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Operational Definitions/ Survey Design. DO NOW: This is important. Grab a “Self-Editing Check List” from stool Complete the checklist Pay attention to the directions in each box on the left

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do now this is important
DO NOW: This is important
  • Grab a “Self-Editing Check List” from stool
  • Complete the checklist
    • Pay attention to the directions in each box on the left
    • Mark your score for each criteria in each box on the right – I KNOW I added up the scores wrong, calculate your score out of 20
    • Correct spelling/grammar as you go
    • Give yourself a final grade
    • Leave any additional comments/questions
  • If you do not have your paper, grab a “Self-Editing Check List” to complete and hand in to me tomorrow
before we create our survey question
Before we create our survey question….

What are we trying to measure?

  • 5th
  • What is our research question?
  • Does involvement in activities affect perception of upperclassmen?

2nd

What is our research question?

does gender affect your fear of spiders?

operational definitions
Operational Definitions

: an objective description of a variable given in terms of how it is actually measured

  • Why is this important?
    • Eliminate “fuzziness” between researchers
    • Controls the experiment
      • Everyone is being subjected to the same definition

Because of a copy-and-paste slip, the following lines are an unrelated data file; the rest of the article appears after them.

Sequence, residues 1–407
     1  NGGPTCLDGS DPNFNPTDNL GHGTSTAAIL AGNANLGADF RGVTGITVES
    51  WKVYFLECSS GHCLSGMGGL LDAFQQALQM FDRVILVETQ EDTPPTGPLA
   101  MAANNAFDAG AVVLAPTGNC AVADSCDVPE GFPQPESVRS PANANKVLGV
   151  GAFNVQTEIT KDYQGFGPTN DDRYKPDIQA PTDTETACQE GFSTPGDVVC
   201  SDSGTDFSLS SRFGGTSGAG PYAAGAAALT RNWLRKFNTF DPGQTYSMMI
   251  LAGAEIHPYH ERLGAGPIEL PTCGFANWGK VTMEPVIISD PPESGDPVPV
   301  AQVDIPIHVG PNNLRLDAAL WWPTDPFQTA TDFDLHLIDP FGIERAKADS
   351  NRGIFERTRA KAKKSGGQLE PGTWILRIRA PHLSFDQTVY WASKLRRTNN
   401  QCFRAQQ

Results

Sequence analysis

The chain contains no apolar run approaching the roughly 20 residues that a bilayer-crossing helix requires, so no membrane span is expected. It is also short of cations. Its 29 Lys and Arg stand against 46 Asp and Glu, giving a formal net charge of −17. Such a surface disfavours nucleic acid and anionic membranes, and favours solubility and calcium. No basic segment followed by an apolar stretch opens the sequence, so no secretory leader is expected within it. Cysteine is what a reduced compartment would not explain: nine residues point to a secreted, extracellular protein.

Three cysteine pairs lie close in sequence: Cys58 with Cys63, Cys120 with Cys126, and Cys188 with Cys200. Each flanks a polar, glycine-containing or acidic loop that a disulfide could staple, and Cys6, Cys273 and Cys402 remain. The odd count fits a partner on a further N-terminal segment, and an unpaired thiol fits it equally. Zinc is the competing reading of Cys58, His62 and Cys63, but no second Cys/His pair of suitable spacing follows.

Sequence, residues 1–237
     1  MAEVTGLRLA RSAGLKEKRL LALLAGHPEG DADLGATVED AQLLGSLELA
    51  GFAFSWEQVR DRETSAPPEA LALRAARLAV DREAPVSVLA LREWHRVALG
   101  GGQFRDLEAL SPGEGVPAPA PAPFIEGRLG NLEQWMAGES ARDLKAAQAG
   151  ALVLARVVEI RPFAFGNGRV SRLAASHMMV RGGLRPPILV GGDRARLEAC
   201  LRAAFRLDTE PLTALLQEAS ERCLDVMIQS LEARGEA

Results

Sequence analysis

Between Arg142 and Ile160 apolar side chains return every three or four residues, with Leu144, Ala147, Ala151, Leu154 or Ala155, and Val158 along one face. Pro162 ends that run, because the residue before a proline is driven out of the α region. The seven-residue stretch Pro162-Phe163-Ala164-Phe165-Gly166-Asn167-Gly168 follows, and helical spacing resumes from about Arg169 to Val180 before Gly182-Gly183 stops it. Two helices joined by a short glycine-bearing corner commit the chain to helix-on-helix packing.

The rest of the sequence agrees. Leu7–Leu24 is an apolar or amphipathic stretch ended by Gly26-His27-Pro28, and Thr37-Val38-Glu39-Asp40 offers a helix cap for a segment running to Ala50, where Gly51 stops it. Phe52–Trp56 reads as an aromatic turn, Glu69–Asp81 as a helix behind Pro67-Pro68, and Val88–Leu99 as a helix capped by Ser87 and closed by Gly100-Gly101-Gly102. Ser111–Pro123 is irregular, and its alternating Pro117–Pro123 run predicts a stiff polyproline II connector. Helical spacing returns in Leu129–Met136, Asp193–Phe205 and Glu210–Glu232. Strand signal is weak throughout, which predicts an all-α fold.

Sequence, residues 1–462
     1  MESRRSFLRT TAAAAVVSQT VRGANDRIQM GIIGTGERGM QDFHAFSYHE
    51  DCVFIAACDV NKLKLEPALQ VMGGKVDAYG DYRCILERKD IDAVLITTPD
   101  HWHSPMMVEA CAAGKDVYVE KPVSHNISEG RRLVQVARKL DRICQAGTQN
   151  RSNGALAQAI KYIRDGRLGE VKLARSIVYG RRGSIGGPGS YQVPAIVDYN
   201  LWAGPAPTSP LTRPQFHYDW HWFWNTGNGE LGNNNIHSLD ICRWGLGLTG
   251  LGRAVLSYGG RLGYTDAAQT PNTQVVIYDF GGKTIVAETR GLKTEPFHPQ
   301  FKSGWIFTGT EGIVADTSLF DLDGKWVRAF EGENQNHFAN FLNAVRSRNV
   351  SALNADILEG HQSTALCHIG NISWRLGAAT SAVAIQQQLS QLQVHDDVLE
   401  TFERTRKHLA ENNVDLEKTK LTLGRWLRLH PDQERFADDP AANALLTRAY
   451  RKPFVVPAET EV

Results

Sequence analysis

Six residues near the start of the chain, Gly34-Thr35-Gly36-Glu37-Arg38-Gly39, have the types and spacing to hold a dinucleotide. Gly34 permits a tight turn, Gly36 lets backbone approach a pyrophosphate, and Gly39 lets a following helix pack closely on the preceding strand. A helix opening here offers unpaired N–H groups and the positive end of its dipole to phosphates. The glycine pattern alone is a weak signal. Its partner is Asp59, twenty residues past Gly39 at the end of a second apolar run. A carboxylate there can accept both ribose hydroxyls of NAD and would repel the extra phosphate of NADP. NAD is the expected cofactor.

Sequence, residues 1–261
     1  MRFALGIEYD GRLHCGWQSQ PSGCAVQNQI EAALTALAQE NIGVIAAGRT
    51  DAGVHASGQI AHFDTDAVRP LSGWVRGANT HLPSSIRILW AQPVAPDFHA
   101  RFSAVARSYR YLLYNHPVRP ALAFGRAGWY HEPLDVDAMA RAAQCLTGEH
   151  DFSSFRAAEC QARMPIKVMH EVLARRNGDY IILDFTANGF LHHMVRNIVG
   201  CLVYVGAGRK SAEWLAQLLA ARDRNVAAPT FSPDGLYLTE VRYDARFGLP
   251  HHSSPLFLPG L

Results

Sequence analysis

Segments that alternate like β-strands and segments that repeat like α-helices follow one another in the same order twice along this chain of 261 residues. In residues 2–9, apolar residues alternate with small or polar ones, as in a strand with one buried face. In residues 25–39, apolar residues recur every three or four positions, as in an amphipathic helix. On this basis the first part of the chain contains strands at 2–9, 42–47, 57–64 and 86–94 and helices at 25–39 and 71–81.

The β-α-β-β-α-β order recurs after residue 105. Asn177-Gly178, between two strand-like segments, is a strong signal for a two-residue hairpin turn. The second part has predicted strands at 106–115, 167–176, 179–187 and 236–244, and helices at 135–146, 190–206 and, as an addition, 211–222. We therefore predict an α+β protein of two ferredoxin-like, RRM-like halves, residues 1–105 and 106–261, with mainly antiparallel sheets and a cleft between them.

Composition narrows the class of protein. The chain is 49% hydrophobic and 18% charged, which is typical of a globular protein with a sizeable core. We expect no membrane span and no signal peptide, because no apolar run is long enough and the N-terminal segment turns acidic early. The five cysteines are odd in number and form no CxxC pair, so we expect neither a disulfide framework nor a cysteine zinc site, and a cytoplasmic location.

slide5

Example: A researcher measuring happiness in college students decides to use a 10-question happiness scale to measure positive outlook in her subjects. In other words, her operational definition of happiness in this case is a given subject’s 1-10 score

practice
Practice

Examples:

Memory: the number of words correctly recalled from a list

Intelligence: IQ test

  • In your notes, operationally define the following variables:
    • Aggression
    • Stress
    • Reading ability
    • depression
slide7
2nd Operationally define our variablesRQ:IV – gender DV – fear of spiders?Hypothesis: a fear of spiders is more common in girls
slide8

5th Operationally define our variablesRQ: Does involvement in activities (IV) affect perception (DV) of upperclassmen?Hypothesis: if freshmen are involved in any activity, it will affect perception

Involvement in activities – number of checked boxes from a list of possible activities (designated by hour/week)

perception -

slide9

Example for survey questionRQ: Do 9th graders prefer sugary cereals?Hypothesis: 9th graders prefer sugary cereals above all other cereals

Survey question:

On days you choose to eat cereal for breakfast, what brands of cereal do you eat?

Operational Definitions

  • Sugary cereals – more than 10g of sugar per serving
  • Prefer – eat them more than 50% of the time they choose to eat cereal
other things to consider for a survey
Other things to consider for a survey…
  • We can use “fixed choice questions” – give options – can even be yes or no
  • With fixed choice questions we need to make sure all questions are “mutually exclusive” and “exhaustive”
    • this means any respondent can find one response that applies to him or her (except in the check all that apply format)
  • Can add “other” please specify
  • With large groups of people, close ended q’s are the way to go
  • When studying smaller groups, open ended q’s can get more into the minds of subjects
  • Sometimes certain words can affect people differently, we have to choose our words wisely
    • A survey asked if people would forbid public speeches against democracy – 54% said yes – asked if they would not “allow” them, 75% agreed
  • Respondents will be more likely to say yes to a question like “Did you see the cop while driving” as opposed to “did you see a cop while driving”
  • We also often see survey designs that will ask a question and ask if a person agrees, and to what degree (or to measure any behavior really)